Captain Taylor N. Fellers and Lieutenant Benjamin R. Kearfoot never make it. They had loaded with a section of thirty men in Boat No. 6 (Landing Craft, Assault, No. 1015). But exactly what happened to this boat and its human cargo was never to be known. No one saw the craft go down. How each man aboard it met death remains unreported. Half of the drowned bodies were later found along the beach. It is supposed that the others were claimed by the sea.

Along the beach, only one Able Company officer still lives—Lieutenant Elijah Nance, who is hit in the heel as he quits the boat and hit in the belly by a second bullet as he makes the sand. By the end of ten minutes, every sergeant is either dead or wounded. To the eyes of such men as Private Howard I. Grosser and Private First Class Gilbert G. Murdock, this clean sweep suggests that the Germans on the high ground have spotted all leaders and concentrated fire their way. Among the men who are still moving in with the tide, rifles, packs, and helmets have already been cast away in the interests of survival.

To the right of where Tidrick's boat is drifting with the tide, its coxswain lying dead next to the shell-shattered wheel, the seventh craft, carrying a medical section with one officer and sixteen men, noses toward the beach. The ramp drops. In that instant, two machine guns concentrate their fire on the opening. Not a man is given time to jump. All aboard are cut down where they stand.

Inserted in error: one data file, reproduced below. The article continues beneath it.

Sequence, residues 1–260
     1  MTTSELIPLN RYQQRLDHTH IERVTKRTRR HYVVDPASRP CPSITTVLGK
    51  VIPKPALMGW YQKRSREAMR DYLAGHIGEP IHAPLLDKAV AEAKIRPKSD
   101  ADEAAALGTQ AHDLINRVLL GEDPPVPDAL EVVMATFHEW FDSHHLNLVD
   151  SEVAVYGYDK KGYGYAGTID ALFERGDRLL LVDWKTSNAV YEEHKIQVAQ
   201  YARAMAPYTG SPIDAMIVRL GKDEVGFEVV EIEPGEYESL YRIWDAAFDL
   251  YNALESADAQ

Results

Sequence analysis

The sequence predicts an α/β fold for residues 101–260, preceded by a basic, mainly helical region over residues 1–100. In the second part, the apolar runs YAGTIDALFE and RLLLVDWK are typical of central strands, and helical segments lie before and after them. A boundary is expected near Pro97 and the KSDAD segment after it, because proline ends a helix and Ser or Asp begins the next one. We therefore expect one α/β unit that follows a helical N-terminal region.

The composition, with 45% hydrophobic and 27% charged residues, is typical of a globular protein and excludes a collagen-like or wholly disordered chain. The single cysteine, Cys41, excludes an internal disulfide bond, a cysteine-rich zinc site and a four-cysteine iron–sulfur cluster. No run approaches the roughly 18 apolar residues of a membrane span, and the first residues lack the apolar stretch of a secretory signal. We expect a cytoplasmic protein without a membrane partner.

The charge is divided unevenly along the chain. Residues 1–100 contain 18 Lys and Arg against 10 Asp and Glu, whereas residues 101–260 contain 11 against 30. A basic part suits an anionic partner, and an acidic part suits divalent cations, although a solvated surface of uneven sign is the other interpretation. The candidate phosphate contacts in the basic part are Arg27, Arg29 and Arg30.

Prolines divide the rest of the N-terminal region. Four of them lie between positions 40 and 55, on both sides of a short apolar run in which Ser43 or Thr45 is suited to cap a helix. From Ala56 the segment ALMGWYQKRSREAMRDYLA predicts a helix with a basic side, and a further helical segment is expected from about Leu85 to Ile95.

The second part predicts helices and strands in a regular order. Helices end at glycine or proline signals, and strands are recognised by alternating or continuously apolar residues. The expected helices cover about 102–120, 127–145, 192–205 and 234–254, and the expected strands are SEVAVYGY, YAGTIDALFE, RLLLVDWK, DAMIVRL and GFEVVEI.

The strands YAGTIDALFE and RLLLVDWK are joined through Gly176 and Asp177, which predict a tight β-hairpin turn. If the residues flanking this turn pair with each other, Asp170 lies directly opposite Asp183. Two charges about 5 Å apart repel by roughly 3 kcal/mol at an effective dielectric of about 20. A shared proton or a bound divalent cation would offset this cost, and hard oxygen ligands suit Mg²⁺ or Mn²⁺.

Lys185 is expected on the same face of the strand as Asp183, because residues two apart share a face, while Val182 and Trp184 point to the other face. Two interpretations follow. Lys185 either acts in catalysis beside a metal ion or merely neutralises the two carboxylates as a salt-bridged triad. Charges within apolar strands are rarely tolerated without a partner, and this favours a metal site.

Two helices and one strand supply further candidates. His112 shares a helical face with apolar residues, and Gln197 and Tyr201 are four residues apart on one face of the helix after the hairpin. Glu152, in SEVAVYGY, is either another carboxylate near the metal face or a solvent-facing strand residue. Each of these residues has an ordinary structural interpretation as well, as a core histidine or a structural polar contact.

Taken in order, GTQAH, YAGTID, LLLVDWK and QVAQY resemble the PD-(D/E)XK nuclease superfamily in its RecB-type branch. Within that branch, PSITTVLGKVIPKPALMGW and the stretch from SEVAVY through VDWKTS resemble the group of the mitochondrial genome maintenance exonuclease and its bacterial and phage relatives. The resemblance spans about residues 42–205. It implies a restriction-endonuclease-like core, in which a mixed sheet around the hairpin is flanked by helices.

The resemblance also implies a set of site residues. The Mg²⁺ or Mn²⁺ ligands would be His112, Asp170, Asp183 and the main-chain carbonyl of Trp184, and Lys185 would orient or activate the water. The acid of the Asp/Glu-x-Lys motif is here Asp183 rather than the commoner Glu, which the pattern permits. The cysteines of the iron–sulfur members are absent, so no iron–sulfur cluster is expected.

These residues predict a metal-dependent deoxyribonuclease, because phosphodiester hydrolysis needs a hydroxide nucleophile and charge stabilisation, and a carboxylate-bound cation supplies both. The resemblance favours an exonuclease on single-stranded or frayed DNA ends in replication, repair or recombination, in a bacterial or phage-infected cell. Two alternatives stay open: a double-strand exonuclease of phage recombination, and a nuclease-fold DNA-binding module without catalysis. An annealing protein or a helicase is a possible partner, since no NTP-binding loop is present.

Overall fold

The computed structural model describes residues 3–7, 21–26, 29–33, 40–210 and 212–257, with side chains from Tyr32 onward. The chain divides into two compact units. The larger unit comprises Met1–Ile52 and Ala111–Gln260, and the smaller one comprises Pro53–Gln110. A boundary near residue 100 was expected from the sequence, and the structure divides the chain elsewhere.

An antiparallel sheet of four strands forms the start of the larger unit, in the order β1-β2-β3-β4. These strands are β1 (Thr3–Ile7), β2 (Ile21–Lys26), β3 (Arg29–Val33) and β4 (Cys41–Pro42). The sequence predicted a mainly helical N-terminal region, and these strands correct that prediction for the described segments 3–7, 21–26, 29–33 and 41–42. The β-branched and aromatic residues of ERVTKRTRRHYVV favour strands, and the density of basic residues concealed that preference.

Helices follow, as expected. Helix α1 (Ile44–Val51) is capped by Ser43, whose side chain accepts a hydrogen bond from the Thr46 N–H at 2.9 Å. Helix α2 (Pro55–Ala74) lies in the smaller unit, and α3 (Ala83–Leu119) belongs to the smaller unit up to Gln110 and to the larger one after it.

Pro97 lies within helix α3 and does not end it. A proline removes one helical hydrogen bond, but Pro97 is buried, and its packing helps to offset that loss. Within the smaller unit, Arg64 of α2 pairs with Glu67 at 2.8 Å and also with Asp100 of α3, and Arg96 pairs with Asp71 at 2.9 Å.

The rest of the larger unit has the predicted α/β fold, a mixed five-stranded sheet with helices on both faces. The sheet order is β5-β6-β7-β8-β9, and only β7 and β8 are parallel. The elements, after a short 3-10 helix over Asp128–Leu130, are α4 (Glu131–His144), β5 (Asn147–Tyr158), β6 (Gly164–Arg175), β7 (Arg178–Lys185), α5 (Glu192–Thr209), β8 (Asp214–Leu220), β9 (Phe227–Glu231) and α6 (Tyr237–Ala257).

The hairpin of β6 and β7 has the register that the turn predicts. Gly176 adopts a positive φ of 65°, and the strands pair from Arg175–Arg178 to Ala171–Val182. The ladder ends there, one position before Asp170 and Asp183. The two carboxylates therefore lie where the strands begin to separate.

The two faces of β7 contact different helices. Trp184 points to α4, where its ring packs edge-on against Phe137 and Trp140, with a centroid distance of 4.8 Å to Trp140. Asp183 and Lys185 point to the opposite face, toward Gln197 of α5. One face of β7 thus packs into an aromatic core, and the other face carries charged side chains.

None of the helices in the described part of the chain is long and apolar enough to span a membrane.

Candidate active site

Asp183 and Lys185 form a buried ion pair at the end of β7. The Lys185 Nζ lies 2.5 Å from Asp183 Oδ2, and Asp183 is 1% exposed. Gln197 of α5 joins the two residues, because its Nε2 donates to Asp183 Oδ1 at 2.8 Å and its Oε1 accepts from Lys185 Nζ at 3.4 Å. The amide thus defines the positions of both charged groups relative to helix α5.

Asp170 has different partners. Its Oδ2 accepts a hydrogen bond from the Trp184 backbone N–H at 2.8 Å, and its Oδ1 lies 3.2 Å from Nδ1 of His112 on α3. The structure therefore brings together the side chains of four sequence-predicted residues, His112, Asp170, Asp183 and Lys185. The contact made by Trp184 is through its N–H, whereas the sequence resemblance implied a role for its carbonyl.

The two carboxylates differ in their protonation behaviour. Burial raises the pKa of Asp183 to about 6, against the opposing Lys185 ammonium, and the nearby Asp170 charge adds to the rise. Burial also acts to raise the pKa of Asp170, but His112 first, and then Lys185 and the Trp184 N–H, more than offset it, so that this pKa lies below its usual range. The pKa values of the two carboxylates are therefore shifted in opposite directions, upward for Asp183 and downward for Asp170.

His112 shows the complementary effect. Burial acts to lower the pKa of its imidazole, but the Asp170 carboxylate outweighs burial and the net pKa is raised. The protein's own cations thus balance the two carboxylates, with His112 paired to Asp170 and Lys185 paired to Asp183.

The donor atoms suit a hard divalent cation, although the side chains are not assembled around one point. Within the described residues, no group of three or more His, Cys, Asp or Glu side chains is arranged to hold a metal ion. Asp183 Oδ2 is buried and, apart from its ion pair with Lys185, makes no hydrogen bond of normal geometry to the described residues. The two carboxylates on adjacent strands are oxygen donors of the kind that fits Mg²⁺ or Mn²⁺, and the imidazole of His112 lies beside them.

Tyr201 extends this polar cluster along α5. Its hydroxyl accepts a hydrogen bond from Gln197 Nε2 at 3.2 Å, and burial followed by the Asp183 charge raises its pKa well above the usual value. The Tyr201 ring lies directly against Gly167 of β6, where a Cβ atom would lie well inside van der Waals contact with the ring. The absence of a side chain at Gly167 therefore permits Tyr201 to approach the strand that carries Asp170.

By the end of fifteen minutes, Able Company has still not fired a weapon. No orders are being given by anyone. No words are spoken. The few able-bodied survivors move or not as they see fit. Merely to stay alive is a full-time job. The fight has become a rescue operation in which nothing counts but the force of a strong example.

Above all others stands out the first-aid man, Thomas Breedin. Reaching the sands, he strips off pack, blouse, helmet, and boots. For a moment he stands there so that others on the strand will see him and get the same idea. Then he crawls into the water to pull in wounded men about to be overlapped by the tide. The deeper water is still spotted with tide walkers advancing at the same pace as the rising water. But now, owing to Breedin's example, the strongest among them become more conspicuous targets. Coming along, they pick up wounded comrades and float them to the shore raftwise. Machine-gun fire still rakes the water. Burst after burst spoils the rescue act, shooting the floating man from the hands of the walker or killing both together. But Breedin for this hour leads a charmed life and stays with his work indomitably.